Zoe Wong-VanHaren

A Childhood Spent Waiting for the Apocalypse

Michelle Dowd ’90 presents an unexpected coming-of-age story in her acclaimed new memoir Forager: Field Notes for Surviving a Family Cult

By Tom Johnson | Fall 2023 Issue

The opening sentence of a book can be unforgettable. Anyone familiar with Melville’s Moby Dick knows it famously starts with “Call me Ishmael,” while Ray Bradbury begins Fahrenheit 451 with a simple confession: “It was a pleasure to burn.”

The same is true of the opening sentence of Forager: Field Notes for Surviving a Family Cult, a memoir by Michelle Dowd ’90:

I grew up on a mountain, preparing for the Apocalypse.

That sentence is unforgettable, and it’s hardly an exaggeration. Published earlier this year by Algonquin Press and favorably reviewed by the Los Angeles Times, Kirkus Reviews, Publishers Weekly and other outlets, Forager recounts ten years of Dowd’s childhood growing up in a cult called the Field and on a 16-acre plot she calls the Mountain located in the Angeles National Forest (on the San Andreas Fault no less). The book is a survivor’s testament; a memoir harrowing at times but ultimately triumphant and (from that first sentence) thoroughly engrossing.

Dowd explains that though she foraged daily for edible plants on the Mountain, her real home wasn’t a place but an idea, one that her maternal grandfather turned into the Field. Of this community Dowd writes:

Both Field and Mountain were governed by Grandpa, the ruler of our world. Grandpa said he was God’s prophet and would live to be five hundred years old, that the angels would descend from heaven and take him up into the clouds like Elijah. Grandpa’s followers believed every word he said, because at the Field, he was the only one with authority. His pontifications were the soundtrack of my childhood, and his sincere belief that God’s vengeance would be unleashed upon the world unless a small group of God’s chosen people stayed his hand terrified me.

“My grandfather decided the truth, and he lied all the time,” Dowd explained during a recent Participant interview. “Everyone in the Field called him ‘Grandpa,’ so I didn’t even know as a kid that he was my biological grandfather. It was confusing, and I never really trusted myself. If I ever asked my mom questions, she would just shut right down.”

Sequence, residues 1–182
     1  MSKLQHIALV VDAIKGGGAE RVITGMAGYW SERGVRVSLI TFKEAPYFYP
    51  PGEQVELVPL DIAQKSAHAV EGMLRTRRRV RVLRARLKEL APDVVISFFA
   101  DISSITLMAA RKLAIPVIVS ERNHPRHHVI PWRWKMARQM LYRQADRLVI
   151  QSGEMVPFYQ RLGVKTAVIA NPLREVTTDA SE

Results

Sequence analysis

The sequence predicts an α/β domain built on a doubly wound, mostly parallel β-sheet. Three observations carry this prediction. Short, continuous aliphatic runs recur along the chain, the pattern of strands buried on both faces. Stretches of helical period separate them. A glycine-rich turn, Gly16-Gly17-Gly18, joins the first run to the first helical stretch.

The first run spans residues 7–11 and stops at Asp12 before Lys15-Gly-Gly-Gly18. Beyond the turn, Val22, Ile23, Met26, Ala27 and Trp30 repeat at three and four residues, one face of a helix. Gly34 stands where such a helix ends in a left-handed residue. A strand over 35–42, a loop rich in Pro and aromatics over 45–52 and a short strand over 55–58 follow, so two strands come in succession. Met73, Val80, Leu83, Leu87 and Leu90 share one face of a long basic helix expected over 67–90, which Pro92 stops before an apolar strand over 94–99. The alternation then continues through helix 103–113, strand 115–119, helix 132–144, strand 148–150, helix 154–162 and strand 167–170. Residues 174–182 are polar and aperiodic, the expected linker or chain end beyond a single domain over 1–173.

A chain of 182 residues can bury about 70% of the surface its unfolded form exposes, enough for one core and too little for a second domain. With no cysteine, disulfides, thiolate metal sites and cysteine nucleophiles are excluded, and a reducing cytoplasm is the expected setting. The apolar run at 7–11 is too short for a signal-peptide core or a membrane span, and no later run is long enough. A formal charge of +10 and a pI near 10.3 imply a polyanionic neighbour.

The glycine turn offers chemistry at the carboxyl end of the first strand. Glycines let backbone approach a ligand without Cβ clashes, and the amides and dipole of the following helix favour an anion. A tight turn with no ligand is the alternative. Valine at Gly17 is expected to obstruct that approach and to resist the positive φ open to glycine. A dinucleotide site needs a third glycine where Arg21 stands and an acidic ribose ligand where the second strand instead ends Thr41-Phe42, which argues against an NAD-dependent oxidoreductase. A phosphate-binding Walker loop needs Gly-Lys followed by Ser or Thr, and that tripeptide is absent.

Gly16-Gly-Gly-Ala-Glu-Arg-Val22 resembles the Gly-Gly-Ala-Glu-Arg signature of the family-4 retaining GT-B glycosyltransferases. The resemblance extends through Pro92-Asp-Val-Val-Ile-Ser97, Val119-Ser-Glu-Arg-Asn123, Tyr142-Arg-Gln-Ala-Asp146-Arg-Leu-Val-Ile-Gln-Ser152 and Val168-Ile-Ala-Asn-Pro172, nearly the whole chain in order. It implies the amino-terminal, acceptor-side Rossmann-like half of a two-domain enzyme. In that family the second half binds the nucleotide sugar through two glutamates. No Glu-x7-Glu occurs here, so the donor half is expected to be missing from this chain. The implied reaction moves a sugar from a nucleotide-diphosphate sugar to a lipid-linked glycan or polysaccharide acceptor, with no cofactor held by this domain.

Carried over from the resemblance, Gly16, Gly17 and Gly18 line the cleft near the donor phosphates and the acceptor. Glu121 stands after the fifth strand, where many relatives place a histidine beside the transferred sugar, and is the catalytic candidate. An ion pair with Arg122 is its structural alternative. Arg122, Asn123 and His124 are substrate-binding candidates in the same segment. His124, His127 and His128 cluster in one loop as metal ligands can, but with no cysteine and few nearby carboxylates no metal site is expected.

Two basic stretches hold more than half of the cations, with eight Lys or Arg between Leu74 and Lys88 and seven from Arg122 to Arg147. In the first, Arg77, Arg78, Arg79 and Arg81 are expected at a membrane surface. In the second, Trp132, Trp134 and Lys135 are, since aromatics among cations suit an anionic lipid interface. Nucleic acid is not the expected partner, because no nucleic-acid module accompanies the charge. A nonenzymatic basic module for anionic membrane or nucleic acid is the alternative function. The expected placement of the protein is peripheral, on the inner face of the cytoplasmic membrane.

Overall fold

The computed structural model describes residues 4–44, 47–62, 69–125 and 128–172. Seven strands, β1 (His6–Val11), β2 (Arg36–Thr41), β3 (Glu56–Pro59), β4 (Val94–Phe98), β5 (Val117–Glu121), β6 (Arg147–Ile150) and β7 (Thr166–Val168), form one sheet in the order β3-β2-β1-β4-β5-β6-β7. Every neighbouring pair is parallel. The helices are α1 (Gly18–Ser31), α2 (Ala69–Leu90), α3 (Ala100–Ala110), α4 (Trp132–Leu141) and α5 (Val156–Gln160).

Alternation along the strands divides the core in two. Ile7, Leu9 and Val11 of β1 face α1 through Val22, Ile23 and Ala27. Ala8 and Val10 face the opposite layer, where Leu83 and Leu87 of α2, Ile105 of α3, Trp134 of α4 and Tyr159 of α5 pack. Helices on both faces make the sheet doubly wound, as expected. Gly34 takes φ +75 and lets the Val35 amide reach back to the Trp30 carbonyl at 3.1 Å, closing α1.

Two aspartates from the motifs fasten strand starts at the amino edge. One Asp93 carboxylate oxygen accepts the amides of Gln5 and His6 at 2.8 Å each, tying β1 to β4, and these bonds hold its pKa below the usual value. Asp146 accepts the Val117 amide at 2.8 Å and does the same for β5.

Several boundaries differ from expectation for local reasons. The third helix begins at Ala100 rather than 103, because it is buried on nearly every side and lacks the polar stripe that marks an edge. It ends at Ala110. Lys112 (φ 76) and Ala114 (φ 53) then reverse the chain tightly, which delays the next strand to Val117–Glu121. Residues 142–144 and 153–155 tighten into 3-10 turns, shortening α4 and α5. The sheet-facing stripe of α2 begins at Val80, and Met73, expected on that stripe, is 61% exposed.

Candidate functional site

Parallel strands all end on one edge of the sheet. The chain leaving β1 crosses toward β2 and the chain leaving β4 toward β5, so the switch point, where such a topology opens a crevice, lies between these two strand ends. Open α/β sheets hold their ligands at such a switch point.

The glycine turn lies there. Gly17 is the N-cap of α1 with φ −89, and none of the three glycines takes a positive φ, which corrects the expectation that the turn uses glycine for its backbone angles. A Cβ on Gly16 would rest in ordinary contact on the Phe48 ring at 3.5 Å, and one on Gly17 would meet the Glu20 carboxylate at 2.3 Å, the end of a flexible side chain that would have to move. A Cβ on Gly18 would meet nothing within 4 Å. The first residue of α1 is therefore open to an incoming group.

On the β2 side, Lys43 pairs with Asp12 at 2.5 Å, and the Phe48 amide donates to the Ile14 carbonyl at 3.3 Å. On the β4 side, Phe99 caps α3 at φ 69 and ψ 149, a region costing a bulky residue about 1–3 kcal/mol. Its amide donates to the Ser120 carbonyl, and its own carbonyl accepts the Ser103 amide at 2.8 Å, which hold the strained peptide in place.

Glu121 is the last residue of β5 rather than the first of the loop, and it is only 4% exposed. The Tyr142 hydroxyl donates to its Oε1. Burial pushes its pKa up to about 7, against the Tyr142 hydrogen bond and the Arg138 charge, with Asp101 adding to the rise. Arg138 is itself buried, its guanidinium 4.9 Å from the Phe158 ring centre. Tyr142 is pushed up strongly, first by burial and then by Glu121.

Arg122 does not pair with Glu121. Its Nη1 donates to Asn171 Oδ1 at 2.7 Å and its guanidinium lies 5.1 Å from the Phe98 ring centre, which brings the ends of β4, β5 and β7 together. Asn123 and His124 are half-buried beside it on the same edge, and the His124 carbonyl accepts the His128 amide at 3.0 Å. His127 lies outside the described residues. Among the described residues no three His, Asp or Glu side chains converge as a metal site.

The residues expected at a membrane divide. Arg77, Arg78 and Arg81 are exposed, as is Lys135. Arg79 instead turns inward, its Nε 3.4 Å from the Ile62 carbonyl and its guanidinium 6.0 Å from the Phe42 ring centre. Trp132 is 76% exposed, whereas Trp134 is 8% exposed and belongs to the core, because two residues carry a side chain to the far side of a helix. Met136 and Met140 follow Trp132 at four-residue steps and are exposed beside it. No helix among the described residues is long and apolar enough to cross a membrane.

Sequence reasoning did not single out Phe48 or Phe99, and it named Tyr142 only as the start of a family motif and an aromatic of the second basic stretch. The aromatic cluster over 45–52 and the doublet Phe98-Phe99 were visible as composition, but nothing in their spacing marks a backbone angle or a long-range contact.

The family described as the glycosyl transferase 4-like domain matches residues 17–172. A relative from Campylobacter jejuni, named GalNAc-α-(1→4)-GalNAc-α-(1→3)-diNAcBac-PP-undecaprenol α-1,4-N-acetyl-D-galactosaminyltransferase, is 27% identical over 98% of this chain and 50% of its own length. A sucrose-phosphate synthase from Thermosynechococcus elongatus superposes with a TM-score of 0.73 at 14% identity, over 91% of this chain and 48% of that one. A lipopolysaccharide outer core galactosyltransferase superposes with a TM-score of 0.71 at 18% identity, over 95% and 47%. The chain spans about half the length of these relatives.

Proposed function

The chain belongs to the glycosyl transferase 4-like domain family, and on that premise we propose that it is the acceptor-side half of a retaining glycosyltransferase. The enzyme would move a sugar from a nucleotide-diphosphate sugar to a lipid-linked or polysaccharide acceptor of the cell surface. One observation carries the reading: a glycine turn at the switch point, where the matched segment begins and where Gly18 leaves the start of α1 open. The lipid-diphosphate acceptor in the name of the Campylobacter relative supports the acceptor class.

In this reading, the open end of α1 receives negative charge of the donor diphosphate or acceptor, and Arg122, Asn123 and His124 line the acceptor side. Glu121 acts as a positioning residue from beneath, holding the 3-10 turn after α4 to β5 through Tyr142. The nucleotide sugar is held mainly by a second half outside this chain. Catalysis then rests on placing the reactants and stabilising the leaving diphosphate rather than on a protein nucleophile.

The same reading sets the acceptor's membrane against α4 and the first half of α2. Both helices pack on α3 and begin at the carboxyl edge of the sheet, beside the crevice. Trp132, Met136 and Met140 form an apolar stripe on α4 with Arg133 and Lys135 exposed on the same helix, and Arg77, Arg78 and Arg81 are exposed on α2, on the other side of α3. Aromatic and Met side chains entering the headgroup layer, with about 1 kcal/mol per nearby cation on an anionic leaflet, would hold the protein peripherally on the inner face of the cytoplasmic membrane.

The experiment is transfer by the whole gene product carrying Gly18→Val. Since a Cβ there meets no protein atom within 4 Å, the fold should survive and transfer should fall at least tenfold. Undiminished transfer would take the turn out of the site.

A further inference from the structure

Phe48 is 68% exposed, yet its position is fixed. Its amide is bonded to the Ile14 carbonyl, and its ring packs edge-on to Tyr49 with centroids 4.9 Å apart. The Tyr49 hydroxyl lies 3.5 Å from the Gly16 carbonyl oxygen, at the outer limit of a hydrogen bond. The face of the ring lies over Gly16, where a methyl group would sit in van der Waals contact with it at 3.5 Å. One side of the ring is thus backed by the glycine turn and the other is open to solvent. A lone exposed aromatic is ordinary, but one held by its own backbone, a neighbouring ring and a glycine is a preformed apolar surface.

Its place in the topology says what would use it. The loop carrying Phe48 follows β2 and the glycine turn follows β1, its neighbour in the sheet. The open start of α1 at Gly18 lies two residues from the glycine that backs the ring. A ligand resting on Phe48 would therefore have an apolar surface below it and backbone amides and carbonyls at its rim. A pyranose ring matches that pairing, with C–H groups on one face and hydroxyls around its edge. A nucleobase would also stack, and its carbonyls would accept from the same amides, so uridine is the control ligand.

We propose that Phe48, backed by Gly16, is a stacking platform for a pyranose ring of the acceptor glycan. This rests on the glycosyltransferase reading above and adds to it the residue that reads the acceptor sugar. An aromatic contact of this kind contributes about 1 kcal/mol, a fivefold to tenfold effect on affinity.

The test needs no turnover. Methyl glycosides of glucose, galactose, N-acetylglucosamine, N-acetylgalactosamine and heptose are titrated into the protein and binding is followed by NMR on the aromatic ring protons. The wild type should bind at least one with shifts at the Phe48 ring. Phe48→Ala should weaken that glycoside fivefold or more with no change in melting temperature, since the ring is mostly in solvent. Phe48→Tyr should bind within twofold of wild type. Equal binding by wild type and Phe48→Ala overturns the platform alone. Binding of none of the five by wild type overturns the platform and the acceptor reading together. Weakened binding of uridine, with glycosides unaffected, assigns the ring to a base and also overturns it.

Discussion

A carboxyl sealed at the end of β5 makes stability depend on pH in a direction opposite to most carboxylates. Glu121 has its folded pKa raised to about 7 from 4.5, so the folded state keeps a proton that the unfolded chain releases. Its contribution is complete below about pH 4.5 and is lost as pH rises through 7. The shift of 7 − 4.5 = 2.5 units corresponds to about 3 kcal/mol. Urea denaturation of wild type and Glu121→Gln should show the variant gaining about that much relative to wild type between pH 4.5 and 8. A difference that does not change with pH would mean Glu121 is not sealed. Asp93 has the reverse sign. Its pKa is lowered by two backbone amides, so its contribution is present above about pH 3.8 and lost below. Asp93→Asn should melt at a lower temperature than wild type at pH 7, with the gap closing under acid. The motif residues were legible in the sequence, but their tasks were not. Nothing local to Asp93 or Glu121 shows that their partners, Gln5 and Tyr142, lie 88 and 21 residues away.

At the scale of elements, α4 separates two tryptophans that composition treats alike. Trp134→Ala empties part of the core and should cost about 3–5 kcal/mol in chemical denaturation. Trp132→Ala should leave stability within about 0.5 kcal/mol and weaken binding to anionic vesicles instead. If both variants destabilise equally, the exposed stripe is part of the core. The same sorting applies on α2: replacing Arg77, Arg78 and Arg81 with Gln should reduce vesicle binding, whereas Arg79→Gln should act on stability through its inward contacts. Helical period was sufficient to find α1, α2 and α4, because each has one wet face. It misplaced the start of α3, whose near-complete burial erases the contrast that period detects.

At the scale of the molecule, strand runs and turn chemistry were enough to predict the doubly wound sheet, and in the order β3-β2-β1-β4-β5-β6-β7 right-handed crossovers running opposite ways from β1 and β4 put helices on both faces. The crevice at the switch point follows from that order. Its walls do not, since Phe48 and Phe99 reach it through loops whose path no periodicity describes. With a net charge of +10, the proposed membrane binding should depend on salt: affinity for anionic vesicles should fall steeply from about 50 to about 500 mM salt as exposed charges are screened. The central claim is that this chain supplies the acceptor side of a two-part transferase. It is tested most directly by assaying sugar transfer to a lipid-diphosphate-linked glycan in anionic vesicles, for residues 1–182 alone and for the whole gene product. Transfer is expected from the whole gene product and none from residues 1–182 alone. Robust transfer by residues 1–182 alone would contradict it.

It’s not surprising that one of the lasting effects of growing up in a cult is trauma, something that she confronted years later in therapy. “There are a lot of us out there, and we think we’re fine until we’re not,” Dowd said. One of the biggest issues she had to reckon with was the realization that her parents didn’t love her or her siblings. “They couldn’t express love in any way that any of us could feel. They gave us up right at our births to the collective. They didn’t nurture us; didn’t hug us or say ‘I love you.’ I felt that lack from a very early age.”


“In the Field we used the word ‘unity’ a lot. It was almost like we were cheerleaders for the concept. We moved as one and everyone had a role to play.”

-Michelle Dowd ’90


A seminal event in Dowd’s early life occurred at the age of 10 when she entered Children’s Hospital Los Angeles for symptoms that might have been chickenpox. At the time, Dowd was the first child of a leader to ever leave the confines of the cult.

Ironically, or perhaps inevitably, it took Dowd’s hospital stay to begin to give her a sense that there were different places in the world. The chickenpox diagnosis soon led to an extended stay in isolation when it was discovered she had idiopathic thrombocytopenic purpura, a condition in which the immune system mistakenly attacks platelets and requires bone marrow transplants.

Through the many months of treatments, Dowd’s mother was her only visitor, and her visits were infrequent.

“I felt like I was going to die abandoned and alone,” Dowd said. “But when I got back to the community, there was a part of me that had shifted.”